Modern Horizons was supposed to provide players with some new toys to play with, not completely destroy the format. Yet here we are, suffering through Turn 2 kills at the hands of Hogaak, Arisen Necropolis and Altar of Dementia.
If you check out the most recent deck dump (and disregard the various Hogaak decks), Modern Horizons looks like it’s had a positive impact. There are plenty of new cards seeing play, lots of different strategies performing well, and that’s just scratching the surface. Either the format adapts around Hogaak or something gets banned, but at some point, things will be great.
In the meantime, we need to figure out a way to be successful against Bridgevine. Even more so than against something like Dredge, you are going to need maindeck graveyard hate or something very specific to compete. If you have ways to sacrifice or kill your own creatures, that will help against Bridge from Below, but you still have to deal with Hogaak itself.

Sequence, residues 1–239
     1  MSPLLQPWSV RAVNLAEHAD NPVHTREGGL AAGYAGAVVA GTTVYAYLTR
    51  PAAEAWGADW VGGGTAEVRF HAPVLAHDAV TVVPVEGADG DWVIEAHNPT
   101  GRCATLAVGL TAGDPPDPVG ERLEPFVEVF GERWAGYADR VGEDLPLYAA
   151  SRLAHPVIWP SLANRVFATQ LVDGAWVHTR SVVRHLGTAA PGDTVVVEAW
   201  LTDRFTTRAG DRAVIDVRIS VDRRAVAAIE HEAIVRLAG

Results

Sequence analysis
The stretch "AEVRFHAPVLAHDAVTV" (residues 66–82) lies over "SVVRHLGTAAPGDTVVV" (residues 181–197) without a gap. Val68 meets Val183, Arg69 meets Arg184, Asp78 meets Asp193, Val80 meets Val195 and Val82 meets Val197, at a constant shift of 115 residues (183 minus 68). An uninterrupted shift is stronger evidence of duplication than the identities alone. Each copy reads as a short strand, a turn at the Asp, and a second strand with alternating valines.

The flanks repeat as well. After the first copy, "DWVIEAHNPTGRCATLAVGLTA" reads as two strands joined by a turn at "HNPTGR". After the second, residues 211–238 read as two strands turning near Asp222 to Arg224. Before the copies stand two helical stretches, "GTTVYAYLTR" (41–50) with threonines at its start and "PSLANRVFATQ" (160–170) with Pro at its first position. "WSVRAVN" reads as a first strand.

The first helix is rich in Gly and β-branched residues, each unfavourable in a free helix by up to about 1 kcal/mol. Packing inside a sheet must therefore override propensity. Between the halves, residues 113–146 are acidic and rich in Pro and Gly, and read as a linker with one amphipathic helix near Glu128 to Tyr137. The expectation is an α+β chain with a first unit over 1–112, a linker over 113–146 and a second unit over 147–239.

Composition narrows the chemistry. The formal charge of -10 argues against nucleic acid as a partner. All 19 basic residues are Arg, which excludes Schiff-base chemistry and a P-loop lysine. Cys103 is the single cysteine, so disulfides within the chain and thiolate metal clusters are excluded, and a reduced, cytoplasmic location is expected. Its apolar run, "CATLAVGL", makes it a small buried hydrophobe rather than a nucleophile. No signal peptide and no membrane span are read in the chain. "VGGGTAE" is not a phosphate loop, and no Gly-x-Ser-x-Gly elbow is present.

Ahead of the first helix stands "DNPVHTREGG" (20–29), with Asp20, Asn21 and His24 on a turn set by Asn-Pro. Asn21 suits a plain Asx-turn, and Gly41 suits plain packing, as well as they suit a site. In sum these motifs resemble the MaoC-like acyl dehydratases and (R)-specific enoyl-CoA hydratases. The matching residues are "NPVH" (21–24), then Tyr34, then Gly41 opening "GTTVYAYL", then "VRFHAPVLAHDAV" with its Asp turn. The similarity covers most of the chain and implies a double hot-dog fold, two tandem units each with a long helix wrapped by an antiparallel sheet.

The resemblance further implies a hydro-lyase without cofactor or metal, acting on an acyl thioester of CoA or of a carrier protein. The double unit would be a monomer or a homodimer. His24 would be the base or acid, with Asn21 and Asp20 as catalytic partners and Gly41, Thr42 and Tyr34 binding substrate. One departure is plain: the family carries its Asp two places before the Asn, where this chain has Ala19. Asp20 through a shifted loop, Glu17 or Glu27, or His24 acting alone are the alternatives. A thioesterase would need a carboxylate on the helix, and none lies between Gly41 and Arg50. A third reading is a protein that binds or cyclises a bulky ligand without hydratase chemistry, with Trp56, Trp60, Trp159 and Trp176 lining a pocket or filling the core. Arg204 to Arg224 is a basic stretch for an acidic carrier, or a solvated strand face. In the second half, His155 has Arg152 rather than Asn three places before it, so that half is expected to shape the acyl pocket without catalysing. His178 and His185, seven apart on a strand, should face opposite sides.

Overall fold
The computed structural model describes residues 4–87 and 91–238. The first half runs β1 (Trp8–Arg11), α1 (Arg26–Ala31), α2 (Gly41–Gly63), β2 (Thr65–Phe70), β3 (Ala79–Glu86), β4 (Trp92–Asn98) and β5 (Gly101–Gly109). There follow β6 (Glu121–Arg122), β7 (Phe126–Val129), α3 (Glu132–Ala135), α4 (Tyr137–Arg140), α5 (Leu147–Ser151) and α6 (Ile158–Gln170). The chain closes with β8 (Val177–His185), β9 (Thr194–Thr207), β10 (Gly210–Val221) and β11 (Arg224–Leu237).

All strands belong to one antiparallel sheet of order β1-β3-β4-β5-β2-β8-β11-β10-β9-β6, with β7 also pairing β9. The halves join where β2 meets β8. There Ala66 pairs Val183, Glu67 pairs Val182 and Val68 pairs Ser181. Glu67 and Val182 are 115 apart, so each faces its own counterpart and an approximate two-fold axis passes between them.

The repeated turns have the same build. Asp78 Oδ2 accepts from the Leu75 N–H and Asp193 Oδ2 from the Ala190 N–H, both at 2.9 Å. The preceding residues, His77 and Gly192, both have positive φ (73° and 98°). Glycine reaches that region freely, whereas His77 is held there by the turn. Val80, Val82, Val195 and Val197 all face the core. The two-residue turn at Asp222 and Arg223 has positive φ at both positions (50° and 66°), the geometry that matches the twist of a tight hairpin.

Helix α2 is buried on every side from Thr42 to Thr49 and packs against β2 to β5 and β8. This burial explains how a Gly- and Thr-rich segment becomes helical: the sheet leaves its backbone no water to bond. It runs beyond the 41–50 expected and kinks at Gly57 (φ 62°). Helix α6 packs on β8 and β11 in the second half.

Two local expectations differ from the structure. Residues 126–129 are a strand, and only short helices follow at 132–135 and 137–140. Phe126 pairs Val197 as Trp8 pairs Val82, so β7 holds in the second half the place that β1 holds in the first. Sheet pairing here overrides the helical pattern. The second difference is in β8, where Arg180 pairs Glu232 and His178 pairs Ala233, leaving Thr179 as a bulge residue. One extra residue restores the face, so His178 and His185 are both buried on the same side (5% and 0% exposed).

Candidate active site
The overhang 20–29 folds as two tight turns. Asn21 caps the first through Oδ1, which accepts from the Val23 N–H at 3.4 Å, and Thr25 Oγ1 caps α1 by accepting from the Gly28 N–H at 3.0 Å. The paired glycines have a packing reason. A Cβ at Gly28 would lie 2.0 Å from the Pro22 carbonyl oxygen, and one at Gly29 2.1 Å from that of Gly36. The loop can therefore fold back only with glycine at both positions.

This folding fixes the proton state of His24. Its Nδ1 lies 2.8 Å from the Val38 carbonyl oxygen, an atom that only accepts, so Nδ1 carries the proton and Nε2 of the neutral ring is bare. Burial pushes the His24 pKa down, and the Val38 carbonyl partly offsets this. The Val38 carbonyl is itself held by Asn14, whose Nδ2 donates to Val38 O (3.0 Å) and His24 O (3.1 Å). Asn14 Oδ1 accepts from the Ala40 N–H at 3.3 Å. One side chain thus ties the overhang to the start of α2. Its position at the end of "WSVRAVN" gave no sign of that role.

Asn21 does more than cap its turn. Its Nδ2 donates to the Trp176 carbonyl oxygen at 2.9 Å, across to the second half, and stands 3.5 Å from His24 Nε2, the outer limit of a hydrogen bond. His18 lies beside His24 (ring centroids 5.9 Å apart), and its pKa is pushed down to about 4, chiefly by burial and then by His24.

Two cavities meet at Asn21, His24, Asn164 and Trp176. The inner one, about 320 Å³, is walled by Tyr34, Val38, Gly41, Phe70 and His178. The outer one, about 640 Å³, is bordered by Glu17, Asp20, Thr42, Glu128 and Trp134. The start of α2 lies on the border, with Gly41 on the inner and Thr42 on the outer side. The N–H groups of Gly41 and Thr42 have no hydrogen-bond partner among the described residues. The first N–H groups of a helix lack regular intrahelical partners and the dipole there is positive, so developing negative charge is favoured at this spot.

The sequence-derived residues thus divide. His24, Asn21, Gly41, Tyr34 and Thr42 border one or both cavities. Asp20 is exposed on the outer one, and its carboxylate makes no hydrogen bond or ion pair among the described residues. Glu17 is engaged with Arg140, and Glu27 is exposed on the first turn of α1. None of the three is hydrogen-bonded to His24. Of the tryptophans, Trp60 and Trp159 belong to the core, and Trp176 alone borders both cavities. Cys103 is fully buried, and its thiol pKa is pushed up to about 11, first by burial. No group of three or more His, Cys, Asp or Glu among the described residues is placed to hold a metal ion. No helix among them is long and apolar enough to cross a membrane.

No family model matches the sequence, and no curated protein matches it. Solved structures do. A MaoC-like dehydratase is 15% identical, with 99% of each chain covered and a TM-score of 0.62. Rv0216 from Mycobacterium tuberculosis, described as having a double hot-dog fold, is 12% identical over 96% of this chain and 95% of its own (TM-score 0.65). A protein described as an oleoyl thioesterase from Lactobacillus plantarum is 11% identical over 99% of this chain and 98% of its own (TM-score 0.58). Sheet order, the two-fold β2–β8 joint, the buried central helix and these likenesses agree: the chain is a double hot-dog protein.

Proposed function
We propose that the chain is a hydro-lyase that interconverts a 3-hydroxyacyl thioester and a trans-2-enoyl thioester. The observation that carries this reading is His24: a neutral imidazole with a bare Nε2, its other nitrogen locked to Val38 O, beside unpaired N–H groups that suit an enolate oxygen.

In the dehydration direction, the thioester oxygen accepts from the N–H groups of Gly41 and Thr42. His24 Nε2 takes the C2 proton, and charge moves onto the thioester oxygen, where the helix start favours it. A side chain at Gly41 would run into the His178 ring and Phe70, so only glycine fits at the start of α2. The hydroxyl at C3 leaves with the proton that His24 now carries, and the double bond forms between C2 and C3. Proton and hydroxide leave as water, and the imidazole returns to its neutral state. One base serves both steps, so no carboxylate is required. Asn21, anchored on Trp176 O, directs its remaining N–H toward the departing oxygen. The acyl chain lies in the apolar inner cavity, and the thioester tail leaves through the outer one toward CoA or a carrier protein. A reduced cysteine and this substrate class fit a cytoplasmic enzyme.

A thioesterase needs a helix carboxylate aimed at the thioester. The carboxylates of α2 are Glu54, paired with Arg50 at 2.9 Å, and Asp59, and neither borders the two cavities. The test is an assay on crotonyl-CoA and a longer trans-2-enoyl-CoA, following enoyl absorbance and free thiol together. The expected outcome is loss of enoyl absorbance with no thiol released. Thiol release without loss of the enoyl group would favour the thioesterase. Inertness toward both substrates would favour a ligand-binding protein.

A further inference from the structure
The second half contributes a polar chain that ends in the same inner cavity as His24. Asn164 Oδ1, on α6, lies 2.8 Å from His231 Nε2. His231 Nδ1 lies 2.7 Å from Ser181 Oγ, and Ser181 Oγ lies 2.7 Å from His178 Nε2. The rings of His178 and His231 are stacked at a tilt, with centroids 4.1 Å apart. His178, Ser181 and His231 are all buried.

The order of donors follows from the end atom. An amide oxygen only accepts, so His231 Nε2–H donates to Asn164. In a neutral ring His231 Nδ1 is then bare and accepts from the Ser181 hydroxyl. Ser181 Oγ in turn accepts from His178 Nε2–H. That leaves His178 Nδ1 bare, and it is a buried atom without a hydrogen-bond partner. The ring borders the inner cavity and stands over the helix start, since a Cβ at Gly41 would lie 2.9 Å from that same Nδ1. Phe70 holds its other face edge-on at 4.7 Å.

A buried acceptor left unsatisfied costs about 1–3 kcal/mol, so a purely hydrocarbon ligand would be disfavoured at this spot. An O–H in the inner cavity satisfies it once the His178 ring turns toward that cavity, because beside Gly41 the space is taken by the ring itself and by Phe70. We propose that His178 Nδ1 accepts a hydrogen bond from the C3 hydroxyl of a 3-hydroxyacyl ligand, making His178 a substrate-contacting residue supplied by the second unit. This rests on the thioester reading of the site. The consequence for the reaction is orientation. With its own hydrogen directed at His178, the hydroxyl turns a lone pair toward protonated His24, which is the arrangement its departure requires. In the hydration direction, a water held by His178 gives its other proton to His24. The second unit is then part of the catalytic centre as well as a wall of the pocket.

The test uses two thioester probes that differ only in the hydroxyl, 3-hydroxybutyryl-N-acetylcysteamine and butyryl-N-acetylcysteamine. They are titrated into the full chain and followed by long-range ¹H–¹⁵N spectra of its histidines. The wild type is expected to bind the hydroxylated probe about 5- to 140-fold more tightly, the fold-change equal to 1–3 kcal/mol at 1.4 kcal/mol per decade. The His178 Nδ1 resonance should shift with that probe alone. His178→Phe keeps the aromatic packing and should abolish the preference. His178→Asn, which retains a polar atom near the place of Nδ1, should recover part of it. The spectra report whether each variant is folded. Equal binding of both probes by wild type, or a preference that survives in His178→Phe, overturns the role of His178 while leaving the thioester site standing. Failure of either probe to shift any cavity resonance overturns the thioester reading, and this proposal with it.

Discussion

Let’s start with the deck that won the Modern Challenge that had ten Hogaak decks in the Top 32.
Maindecking Surgical Extraction, Relic of Progenitus, or Rest in Peace has been normal for Azorius Control for a while. However, it’s probably time to turn that up a notch.
You could also make the case for returning to Terminus in order to handle Vengevine, Bloodghast, and Hogaak, but with Carrion Feeder and Altar of Dementia in the mix, it’s unlikely that it would actually solve your problems.
Narset, Parter of Veils is a fine engine and one that will likely define Modern to some degree, at least once all this Bridgevine nonsense settles down. For now, we can play her as a value card, but can’t afford to lean on her. Instead, we should take a more classic approach.